Headshot of male engineer and principal.
Steven Dannaway, PE, DBIA

Steven Dannaway, PE, DBIA, shares his thoughts about a career as a fire protection engineer. Steven is a principal and the operations manager for the Downtown Los Angeles office.

What’s your favorite part of your job?

The people and projects that I encounter on a daily basis are my favorite part. Southern California is such a diverse and exciting market that there is no shortage of interesting project opportunities. It has never been a dull day on the job since I began my career in 2011 and I don’t see that changing any time soon. To contribute to projects that have significant impacts on our community and to do so alongside my teammates and talented industry professionals is extremely rewarding.

What piece of advice would you give a fire protection engineer just starting out in their career?

Get involved in industry organizations! Meet your peers in the industry and continuously look for opportunities to learn and improve your knowledge base. Although Fire Protection is a niche discipline, it is also very broad. The opportunities to learn more about Fire Protection are vast, and with the world and industry always changing, a mindset of continuous and life-long improvement will serve any new engineer well.

What are you most proud of in your career so far?

I joined Coffman in 2016 when the LA office had approximately 16 staff. I was the first fire protection engineer in Coffman’s LA office and started our Downtown LA presence in a two-person coworking space in the Gas Company Tower. Fast forward to 2023, we now have 56 professionals across three offices in Los Angeles and Orange County and have expanded our services offerings to structural, MEP, civil, and fire protection. I have appreciated the opportunity to contribute along the way. Through all the challenges and successes it has been a fantastic experience and I have learned a tremendous amount.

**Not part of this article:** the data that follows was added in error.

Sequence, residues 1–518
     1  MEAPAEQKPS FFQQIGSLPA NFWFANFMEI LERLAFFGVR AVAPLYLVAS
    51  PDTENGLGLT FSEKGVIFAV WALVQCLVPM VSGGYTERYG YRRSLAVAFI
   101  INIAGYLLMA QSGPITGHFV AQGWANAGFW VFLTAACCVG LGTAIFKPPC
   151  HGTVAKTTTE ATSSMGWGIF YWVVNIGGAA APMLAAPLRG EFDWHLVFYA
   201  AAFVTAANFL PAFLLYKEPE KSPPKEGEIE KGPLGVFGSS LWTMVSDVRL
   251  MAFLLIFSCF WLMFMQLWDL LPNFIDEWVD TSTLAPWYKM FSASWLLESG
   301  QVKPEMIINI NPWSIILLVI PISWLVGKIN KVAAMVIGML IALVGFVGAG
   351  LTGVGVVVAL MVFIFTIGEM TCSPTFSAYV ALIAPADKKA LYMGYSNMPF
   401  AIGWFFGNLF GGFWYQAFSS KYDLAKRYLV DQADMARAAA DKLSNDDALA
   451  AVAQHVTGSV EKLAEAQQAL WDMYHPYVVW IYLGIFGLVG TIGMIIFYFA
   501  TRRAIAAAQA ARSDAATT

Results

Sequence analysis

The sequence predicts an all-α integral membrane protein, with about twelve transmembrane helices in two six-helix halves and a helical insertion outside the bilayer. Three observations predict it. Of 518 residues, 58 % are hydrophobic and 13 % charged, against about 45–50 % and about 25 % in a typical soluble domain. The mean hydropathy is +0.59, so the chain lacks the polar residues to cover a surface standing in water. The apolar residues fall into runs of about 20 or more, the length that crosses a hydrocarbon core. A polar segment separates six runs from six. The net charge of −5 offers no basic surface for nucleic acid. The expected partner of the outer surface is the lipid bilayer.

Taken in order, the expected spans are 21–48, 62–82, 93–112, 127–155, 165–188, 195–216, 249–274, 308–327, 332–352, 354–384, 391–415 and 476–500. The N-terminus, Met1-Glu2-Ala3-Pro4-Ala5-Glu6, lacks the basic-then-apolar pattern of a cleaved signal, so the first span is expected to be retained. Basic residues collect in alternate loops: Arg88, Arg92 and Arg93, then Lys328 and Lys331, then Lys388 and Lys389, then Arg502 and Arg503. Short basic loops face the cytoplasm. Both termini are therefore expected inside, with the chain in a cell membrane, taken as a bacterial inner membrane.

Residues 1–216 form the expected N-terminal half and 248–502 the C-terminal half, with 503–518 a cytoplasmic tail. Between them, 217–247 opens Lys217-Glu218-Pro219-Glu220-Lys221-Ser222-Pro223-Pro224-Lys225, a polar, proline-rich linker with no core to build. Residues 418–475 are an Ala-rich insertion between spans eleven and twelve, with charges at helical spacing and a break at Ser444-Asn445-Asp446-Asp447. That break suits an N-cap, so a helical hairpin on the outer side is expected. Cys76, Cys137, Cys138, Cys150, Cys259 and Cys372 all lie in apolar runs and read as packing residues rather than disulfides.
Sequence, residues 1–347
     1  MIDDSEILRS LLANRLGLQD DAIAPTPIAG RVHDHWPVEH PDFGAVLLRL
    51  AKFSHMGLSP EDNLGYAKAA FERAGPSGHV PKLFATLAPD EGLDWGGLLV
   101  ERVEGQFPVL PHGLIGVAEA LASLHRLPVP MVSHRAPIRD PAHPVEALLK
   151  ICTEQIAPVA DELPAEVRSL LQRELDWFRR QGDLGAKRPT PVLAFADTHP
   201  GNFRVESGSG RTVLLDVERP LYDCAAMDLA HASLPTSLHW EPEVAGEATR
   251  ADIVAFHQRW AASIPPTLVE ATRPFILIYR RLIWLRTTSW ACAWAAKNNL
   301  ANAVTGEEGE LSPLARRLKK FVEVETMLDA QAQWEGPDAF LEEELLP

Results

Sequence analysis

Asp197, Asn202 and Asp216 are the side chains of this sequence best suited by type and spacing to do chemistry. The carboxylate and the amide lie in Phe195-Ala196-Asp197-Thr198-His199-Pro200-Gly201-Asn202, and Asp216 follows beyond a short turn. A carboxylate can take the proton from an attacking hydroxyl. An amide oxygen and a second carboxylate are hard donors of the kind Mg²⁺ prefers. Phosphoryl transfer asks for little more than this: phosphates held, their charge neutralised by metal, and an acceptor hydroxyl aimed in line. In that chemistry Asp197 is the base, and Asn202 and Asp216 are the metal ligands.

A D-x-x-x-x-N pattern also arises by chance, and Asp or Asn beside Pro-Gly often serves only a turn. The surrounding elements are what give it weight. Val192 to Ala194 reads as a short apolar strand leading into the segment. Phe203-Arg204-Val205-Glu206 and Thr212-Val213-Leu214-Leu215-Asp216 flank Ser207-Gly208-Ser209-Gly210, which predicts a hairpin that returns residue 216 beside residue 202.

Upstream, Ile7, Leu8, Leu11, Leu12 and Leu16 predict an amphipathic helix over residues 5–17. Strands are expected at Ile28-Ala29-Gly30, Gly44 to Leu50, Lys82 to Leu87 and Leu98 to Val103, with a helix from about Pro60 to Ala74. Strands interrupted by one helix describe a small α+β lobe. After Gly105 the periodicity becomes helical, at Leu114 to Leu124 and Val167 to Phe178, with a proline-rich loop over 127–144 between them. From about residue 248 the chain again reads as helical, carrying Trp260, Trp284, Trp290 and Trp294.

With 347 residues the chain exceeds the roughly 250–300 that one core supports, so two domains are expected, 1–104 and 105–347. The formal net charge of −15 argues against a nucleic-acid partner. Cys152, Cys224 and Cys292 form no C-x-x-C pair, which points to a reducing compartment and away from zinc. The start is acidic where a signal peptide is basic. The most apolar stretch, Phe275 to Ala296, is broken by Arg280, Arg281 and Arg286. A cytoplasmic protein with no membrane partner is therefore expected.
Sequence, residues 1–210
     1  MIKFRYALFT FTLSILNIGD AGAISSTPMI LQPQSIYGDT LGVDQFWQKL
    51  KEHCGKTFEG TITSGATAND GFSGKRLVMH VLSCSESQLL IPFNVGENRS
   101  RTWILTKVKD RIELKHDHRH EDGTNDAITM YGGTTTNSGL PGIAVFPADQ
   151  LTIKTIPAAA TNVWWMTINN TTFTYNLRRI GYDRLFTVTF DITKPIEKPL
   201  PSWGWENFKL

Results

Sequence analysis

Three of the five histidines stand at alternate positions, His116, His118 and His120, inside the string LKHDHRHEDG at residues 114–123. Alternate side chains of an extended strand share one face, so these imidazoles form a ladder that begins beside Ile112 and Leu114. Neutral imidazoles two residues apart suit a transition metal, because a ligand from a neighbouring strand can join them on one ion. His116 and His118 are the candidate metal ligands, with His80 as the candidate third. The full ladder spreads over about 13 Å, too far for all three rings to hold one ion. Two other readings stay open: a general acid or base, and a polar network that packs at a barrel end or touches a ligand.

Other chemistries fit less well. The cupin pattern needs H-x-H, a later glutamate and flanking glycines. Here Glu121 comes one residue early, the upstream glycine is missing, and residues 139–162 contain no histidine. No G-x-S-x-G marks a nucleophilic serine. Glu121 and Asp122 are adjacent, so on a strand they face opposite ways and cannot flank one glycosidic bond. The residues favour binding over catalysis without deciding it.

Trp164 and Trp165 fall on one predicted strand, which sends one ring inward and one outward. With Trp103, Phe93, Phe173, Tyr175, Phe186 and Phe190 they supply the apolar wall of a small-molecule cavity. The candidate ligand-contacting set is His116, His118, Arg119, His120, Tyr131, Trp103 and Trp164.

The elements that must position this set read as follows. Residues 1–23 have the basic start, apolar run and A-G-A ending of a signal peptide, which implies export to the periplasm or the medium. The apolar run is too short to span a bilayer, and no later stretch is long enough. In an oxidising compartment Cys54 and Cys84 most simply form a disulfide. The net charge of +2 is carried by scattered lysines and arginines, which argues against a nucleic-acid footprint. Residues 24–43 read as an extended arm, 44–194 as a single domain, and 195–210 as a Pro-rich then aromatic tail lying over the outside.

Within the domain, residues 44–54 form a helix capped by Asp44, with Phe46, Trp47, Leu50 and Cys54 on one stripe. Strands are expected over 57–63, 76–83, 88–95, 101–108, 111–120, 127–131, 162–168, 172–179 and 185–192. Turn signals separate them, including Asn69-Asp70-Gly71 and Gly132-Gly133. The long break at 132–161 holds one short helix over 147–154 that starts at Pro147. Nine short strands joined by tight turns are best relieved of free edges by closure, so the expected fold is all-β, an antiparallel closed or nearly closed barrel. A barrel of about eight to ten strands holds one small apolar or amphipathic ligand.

Before starting your career in Fire Protection, what was the most unusual or interesting job you’ve ever had?

When I was in school, one summer I worked for a four-star Japanese restaurant in Hawaii named Tokyo Tokyo. The restaurant was adjacent to the Kahala Resort and Hotel, so we would get many hotel guests including celebrities on occasion. One week, there was a big Sumo tournament in Honolulu, and the Yokozuna and his entourage booked out the entire restaurant. That was pretty cool.

What book have you read in the last year that you would recommend to others?

I generally enjoy reading Patrick Lencioni’s material. His latest book, The 6 Types of Working Genius, hits an important note for leaders to consider. Not everyone has the same instinctive abilities and not everyone obtains energy or joy from the same activities. One of the most important charges of a leader’s role is to put people in positions where they can succeed, and understanding any one individual’s natural gifts is important.

I also enjoyed reading Multipliers by Liz Wiseman. The premise of this book is so intriguing. It talks about the concept of how some leaders, called Multipliers, amplify the capabilities and intelligence of their teams. In comparison, other leaders called Diminishers drain capabilities and intelligence from their teams. It is a thought-provoking read for anyone in a leadership position.

What is your favorite part about working at Coffman?

A core value of Coffman is being invested in the success of our Clients and invested in the success of our people. I have really enjoyed working at a company with this type of mindset. Our role as employees at Coffman is to empower our teammates with the resources they need to solve complex problems for our clients.

I have also learned so much from working at a multidiscipline engineering company. Working alongside my colleagues in other disciplines and observing how they might perceive an issue or tackle a problem has really broadened my perspective and approach to engineering. I like to think these experiences have made me a better engineer and problem solver.